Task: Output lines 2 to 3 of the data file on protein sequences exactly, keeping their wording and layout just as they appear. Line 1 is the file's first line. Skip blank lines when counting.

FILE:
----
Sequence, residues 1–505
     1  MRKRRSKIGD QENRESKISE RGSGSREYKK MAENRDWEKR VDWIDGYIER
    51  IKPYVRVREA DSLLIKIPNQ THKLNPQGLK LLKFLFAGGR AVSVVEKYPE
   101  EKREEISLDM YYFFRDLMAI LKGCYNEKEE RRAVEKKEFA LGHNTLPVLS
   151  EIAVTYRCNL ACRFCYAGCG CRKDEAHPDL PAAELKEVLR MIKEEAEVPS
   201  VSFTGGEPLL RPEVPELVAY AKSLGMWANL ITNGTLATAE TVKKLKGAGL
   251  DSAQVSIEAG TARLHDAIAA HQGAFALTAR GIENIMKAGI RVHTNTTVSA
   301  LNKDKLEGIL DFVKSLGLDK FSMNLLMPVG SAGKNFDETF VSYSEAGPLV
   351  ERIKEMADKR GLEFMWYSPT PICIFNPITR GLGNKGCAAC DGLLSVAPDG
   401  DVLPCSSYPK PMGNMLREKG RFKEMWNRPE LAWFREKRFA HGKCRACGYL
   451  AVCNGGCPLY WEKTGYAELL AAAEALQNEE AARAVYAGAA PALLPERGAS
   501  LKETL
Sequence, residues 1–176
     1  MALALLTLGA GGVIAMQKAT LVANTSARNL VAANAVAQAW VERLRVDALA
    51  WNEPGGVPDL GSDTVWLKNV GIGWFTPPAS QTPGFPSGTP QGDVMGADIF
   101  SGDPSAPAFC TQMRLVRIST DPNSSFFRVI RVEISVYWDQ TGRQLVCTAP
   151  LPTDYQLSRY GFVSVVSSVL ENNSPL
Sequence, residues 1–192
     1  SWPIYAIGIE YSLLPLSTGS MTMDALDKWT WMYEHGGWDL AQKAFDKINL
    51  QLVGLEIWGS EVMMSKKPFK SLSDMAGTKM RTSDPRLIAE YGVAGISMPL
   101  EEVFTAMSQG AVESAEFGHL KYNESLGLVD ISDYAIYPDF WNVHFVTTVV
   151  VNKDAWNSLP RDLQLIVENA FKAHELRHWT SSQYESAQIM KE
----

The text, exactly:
     1  MRKRRSKIGD QENRESKISE RGSGSREYKK MAENRDWEKR VDWIDGYIER
    51  IKPYVRVREA DSLLIKIPNQ THKLNPQGLK LLKFLFAGGR AVSVVEKYPE